Previous findings  have suggested that galectin-3 is involved in the inflammatory reaction seen in allergic patients. However, in the present study no differences in the galectin-3 content were seen when material from allergic and non-allergic individuals were compared. Alpha enolase was identified in two spots but any quantitative difference between allergic and non-allergic individuals could not be detected. In contrast, splice isoform 1 of Wnt-2B was found to be up-regulated (2.5-fold) among allergic individuals. Such an increase of the Wnt-2B secretion might be related to the increased growth and maturation stimulation of eosinophils and neutrophils often seen during the allergic inflammation.
In addition to the novel NLF proteins psoriasin and Wnt-2B, a group of other proteins were also found to be differently expressed during the allergic inflammation. There was a 2.0-fold decrease of one form of prolactin-inducible protein (PIP) in allergic individuals. PIP is expressed in exocrine organs like sweat, salivary and lacrimal glands . The functions of PIP is not completely known but it has CD4-binding properties and is a strong inhibitor of T lymphocyte apoptosis . A down-regulation of PIP might therefore be associated with an increased apoptosis of T lymphocytes, something that might contribute to a limitation of the inflammatory process. The theoretical pI for PIP is 8.3 but it was detected in the gel at a pI around 4–5. Without its signal peptide the theoretical pI decreases to 5.4 which is closer to our observation. Transthyretin, also called prealbumin, is a plasma protein involved in the transport of thyroxine and retinol . The small up-regulation of transthyretin detected in allergic individuals (1.6-fold) is probably due to the increased plasma exudation seen in allergic rhinitis .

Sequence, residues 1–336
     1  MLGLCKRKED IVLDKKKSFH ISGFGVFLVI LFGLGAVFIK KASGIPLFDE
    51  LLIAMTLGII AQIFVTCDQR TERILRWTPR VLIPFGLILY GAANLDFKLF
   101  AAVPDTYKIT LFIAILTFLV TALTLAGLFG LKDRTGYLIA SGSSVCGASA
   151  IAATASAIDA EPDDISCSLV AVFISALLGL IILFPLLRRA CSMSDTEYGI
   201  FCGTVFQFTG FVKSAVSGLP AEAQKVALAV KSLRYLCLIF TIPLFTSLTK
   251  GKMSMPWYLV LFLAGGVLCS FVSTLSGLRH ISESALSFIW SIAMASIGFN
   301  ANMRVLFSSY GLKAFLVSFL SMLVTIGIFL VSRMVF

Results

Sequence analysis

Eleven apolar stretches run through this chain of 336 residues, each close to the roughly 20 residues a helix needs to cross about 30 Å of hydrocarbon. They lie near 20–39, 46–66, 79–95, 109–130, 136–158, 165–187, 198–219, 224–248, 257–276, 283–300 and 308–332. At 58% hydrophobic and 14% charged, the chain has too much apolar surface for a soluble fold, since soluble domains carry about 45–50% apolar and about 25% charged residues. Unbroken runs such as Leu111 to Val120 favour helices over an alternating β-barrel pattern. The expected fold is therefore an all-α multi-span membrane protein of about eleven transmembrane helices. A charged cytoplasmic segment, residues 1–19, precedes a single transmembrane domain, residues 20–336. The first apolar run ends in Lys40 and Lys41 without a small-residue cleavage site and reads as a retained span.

Several of the spots were identified as the same protein. Hence, many proteins are present in different forms. The different forms may result from post-translational modifications like phosphorylation, glycosylation, acetylation or degradation of the proteins. All spots identified as albumin are probably different forms and fragments of albumin and since albumin is highly abundant in plasma this high amount of degradation products in NLF is expected. It is not surprising that a few of these fragments were up-regulated in allergic individuals since this only confirms previous findings that the secretion of albumin is increased in allergic individuals. Ig gamma 2 chain c region was also found to be up-regulated in allergic individuals which also confirms previous findings .